Qi Gong & Insomnia Resources

When I had cancer as a college student, I struggled to get a full night’s rest. I would wake up at 2 a.m and then look at the clock every 30 minutes until the sun rose. I was frustrated as I tried everything from exercise to regular sleep schedules. This lack of sleep would cause a ripple effect. I would not sleep well for weeks and then not be able to function in daily life — such as forgetting my passwords or where I was walking to. I was scared because I did not know whether this was for a short time or forever.

Everyone wants a good sleep. Some friends describe waking up in the middle of the night because of social suffering and reading social media. Other friends talk about not being able to fall asleep because of noise in the dormitory. Still others share they unable to have a restful sleep because they don’t want to burden others with their problems.

How many hours we sleep and whether we wake up rested are also affected by things beyond our individual choices and behaviors. These outside things like roommates or access to resources (e.g. citizenship, healthcare, food, housing, jobs, etc.) influence our ability to adequately and effectively incorporate health recommendations to sleep 7 – 9 hours a night.  (DelRosso 2020)


(The content of this web site is not intended to be a substitute for professional medical advice, diagnosis, or treatment. Always seek the advice of your physician or other qualified health provider with any questions you may have regarding a medical condition. Never disregard professional medical advice or delay in seeking it because of something you have read on this Website.)


Qi Gong (pronounced chee-gong) is an ancient and contemporary Chinese exercise that combines movement, breathing, awareness, and body posture.  There are many forms and styles of Qi Gong, ranging from robust movements to meditation in still poses. For many, Qi Gong calms and tones the nervous system, builds whole-body coordination, and supports mental focus with a relaxed yet energized feeling. Some describe a deeply rooted, quiet joy when practicing qi gong.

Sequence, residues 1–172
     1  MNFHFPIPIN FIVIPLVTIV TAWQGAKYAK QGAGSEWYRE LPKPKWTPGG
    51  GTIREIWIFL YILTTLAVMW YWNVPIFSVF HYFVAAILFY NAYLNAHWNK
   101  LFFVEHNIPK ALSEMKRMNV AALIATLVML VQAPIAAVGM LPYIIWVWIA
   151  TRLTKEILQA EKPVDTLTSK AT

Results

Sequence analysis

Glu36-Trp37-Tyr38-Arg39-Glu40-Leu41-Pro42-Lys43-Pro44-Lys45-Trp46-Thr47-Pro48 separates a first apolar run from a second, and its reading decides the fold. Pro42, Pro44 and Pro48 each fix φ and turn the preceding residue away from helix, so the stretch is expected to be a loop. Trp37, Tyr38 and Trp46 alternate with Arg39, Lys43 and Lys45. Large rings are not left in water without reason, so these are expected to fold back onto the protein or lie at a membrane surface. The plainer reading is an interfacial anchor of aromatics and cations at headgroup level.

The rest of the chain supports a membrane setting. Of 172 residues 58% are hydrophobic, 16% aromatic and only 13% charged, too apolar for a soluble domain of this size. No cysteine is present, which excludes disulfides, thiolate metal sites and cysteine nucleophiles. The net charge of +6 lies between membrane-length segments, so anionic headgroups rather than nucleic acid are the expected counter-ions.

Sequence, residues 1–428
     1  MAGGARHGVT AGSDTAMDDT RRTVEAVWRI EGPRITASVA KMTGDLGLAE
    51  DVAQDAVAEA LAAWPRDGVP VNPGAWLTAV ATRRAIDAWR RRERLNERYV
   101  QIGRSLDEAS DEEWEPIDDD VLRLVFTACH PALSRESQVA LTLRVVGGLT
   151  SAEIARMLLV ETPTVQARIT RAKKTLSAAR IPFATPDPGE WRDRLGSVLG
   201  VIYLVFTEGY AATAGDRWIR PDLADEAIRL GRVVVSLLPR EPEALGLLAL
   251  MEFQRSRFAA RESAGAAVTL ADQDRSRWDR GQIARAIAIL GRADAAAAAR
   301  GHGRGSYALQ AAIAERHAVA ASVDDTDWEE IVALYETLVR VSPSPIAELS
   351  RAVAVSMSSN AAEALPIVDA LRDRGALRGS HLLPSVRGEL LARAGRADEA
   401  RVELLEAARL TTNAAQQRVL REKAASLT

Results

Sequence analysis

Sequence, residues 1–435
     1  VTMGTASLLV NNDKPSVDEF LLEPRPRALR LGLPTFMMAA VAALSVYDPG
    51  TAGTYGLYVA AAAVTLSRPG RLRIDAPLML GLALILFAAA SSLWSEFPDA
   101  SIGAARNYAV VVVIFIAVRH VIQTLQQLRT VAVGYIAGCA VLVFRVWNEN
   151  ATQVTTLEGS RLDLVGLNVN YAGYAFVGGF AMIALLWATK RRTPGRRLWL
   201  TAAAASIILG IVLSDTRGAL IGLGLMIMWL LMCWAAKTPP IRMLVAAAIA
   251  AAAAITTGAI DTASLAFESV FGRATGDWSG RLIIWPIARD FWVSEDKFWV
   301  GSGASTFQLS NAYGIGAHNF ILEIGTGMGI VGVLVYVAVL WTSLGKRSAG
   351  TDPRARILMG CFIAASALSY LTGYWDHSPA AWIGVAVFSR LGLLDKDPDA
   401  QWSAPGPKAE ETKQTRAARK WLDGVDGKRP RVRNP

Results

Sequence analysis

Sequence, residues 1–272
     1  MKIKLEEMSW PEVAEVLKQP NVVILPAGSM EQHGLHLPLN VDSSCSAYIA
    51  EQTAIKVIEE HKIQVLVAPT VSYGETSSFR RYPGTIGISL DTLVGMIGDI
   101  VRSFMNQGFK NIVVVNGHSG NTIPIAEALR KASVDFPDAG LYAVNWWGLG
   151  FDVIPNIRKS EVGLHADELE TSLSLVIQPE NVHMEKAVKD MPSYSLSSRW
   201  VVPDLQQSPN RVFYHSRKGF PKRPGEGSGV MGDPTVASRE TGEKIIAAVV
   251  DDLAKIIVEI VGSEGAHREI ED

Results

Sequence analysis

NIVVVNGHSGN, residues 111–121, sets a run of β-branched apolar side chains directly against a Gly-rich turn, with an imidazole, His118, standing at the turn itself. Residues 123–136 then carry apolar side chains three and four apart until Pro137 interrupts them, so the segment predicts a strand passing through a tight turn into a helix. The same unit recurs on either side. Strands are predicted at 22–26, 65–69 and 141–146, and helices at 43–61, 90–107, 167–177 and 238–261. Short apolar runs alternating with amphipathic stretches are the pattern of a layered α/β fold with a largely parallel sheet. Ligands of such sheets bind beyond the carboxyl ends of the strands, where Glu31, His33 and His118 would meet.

Insomnia is one type of sleep disorder.  Some insomnia symptoms include:

* difficulty falling asleep

* waking up throughout the night

* waking up too early

* feeling tired upon waking up

* having at least one daytime problem such as fatigue; sleepiness; problems with mood, concentration.

  • Approximately 1 in 4 women has some insomnia symptoms.
  • Up to 60% of all college students in the U.S. suffer from a poor sleep quality, and 7.7% meet all criteria of an insomnia disorder. Sleep problems have a great impact on the students’ daily life. (Schlarb et. al. 2017
  • Research shows that the majority of refugees had moderate to severe insomnia.  (Al-Smadi, 2019; Sankari, 2019)
  • Sleep disorders are on the rise. It is estimated that 75% percent of American adults experience sleep disorder symptoms at least a few nights a week.



Scholarship suggests that mindfulness may lessen insomnia and improve sleep. (Campo et. al. 2015; Irwin et. al. 2014; Irwin et. al. 2017; Ong and Sholtes, 2010; Ong et. al. 2014; Zhang et. al. 2015)

Mindfulness is paying attention in a particular way: on purpose, in the present moment, and nonjudgmentally. (Thích Nhất Hạnh, Jon Kabat-Zinn, Diana Winston, Kristin Neff)

“Mindfulness is when you are truly there, mind and body together. You breathe in and out mindfully, you bring your mind back to your body, and you are there. When your mind is there with your body, you are established in the present moment.  ”(Thích Nhất Hạnh )

Mindful movement may elicit the relaxation response to clear the mind, calm the body, and address sleeplessness.  From a traditional Chinese medicine perspective, it may remove energy blocks and nourish the qi/energy for a feeling of calm alertness and create the conditions for a nourishing sleep. Continued practice of still and moving mindfulness is like building muscle to help the body, spirit, and mind release and relax to sleep. 


* Slow Down: 5 Minute Meditations (Larry Ward)

* Calm Breathing GIFS

* Thích Nhất Hạnh & Plum Village: Namo Avalokiteshvara Chant (15m)

* Traditional Chinese Medicine exercises in many languages (Capacitar)

* Sit So You Can Stand, Podcast practice (Dr. Pimentel, UCLA MARC, Hammer Museum) (30m)

* Loving Kindness Meditation (9m) (Diana Winston)

* Guided Meditations in Multiple Languages (UCLA MARC) 

* Giving and Receiving Compassion (21m) (Chris Germer)

* (Written) I Can Breathe: A Meditation On Surviving Acts of Hatred (Zenju Earthlyn Manuel)


* I Vow Not to Burn Out (Mushim Patricia Ikeda)

* How to Let Anger Out: (9m18s) (Thích Nhất Hạnh)

* The Role of Spiritual Practice in Social Justice Work (Ericka Huggins, former member of Black Panther Party, activist) (26m)

* Meditation in Times of Crisis (Rev. Angel Kyodo Williams on 10% Happier) (23m) (includes interview, 5 minute practice, Q&A such as relationship of mindfulness and social justice)


Vagus Nerve

Secondary Traumatic Stress (NCTSN)

Lens of Systemic Oppression

Adverse Childhood Experiences (ACEs), Trauma, and Social Location

How Trauma Can Affect Your Window of Tolerance (NICABM)

How Trauma Impacts Four Different Types of Memory (NICABM)

Coping with PTSD

How to Implement Trauma-Informed Care to Build Resilience to Childhood Trauma

Review Article: Klein et.al. (2017)  Meditative Movement, Energetic, and Physical Analyses of Three Qi Gong Exercises: Unification of Eastern and Western Mechanistic Exercise Theory